Unmade Bed Hailed As Modern Art Masterpiece, Auctioned For $4 Million

If definitive proof was ever needed that an awful lot of modern art is intrinsically meaningless and woefully pathetic, it’s Tracy Emin’s unmade bed.

Hailed as a modern masterpiece by hordes of coffee drinking and sandal wearing philistines who only appreciate art that comes packaged with a pretentious sell and hefty price-tag, Emin’s “My Bed” has just fetched a cool $4 million at a London auction.

If you’re not familiar with Emin’s unmade bed, then you may just want to shine the light of modernity into the depths of your cultural poverty. But a word to the wise, Emin’s unmade bed is not really worth getting out of bed for.

Emin’s unmade bed is, as you can probably guess, an unmade bed. If the thought of that wasn’t provocative and groundbreaking enough, then get this: Emin’s bed is situated on a floor and surrounded by the discarded debris of any self-respecting modern gal.

You know the sort of thing, empty vodka bottle, cigarette butts, used condoms, and soiled knickers – the standard raw material of any serious modern artist.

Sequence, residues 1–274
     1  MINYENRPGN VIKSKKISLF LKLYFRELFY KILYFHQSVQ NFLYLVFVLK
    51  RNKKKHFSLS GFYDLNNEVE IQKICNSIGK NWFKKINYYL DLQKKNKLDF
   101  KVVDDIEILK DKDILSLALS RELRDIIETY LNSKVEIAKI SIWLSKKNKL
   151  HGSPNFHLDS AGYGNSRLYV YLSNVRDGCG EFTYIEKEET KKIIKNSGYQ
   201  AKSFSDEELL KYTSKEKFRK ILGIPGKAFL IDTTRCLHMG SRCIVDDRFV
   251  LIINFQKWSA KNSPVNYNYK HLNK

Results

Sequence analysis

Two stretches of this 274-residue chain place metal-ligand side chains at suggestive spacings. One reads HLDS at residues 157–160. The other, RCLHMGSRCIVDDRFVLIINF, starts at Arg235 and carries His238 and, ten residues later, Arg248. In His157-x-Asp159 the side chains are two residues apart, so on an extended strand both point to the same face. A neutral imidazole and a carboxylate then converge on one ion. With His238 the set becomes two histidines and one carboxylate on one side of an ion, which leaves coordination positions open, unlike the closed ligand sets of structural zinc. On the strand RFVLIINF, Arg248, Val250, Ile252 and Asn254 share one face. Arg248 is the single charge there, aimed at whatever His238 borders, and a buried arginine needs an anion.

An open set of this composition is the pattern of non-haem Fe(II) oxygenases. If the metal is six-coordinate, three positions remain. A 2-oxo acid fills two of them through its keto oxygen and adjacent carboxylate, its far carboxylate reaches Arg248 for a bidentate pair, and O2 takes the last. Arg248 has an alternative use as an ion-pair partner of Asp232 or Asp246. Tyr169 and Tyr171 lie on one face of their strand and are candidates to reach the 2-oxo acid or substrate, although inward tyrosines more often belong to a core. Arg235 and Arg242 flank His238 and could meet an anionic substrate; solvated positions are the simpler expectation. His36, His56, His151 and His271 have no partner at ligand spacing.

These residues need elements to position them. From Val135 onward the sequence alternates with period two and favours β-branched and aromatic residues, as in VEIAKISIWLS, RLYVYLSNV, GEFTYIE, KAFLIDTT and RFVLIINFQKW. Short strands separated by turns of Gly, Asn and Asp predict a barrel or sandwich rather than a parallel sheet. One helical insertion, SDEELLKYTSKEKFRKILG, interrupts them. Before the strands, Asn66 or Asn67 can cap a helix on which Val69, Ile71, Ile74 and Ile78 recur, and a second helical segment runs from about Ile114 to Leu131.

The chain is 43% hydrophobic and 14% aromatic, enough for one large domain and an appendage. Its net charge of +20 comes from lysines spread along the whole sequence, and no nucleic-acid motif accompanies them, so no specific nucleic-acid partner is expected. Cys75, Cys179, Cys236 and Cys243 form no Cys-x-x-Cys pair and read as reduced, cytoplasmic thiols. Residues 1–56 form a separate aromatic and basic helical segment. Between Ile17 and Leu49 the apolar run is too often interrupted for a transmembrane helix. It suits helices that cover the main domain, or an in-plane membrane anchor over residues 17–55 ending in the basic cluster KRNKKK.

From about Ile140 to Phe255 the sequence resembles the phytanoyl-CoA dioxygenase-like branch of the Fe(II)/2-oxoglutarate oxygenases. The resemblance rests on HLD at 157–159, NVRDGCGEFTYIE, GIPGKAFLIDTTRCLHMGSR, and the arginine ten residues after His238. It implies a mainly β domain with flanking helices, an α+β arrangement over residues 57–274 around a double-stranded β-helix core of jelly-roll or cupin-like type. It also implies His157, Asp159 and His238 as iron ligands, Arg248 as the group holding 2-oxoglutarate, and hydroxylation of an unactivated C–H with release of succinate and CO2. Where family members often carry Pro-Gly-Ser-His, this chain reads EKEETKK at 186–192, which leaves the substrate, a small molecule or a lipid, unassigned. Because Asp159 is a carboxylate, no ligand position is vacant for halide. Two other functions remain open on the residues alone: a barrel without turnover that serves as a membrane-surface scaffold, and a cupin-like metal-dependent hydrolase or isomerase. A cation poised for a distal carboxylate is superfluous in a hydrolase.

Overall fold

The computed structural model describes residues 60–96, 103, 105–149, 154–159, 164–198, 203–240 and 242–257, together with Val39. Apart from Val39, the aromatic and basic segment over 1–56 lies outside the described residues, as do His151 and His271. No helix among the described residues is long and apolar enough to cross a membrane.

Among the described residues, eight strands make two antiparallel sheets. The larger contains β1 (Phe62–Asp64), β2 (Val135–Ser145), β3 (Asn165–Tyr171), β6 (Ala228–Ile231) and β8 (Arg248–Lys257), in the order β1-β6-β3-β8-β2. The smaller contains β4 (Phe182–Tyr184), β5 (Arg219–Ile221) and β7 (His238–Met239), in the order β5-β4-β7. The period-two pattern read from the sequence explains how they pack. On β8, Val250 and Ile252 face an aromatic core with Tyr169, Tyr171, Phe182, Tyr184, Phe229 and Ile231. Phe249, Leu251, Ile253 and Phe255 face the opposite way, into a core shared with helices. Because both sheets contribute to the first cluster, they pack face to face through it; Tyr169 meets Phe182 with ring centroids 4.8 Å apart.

When you see Tracy Emin’s unmade bed for yourself, in all its raging and heart-stopping glory, one can’t help wondering as one ponders on the meaning of life, that one is actually in the presence of an unmade bed.

“What does it all mean?” you ask.

“Pretty much nothing,” comes the response. But in the final analysis, Tracy Emin’s unmade bed proves that some people have a lot more money than sense or taste. An awful lot more.

Sky News reported that Emin’s unmade bed went under the hammer at Christie’s after being put up for sale by art collector Charles Saatchi who brought the masterpiece in 2000 for £150,000.

With a guide price of between $16,000 and $2.4m, the unmade bed must have a firm mattress, because bidders were falling over one another to rest their head on it’s dirty white pillows, so to speak.

The unmade bed eventually sold for $4 million to an anonymous bidder, who perhaps didn’t want to reveal his or her name out of a deep sense of shame.

Head of post-war contemporary art at Christie’s, Francis Outred said “I think it will end up going to a very good place.”

Emin, who was a key member of the Young British Artist movement, was said to be grinning like a Cheshire cat after her unmade bed was sold. No doubt the 50-year-old thought she was still dreaming.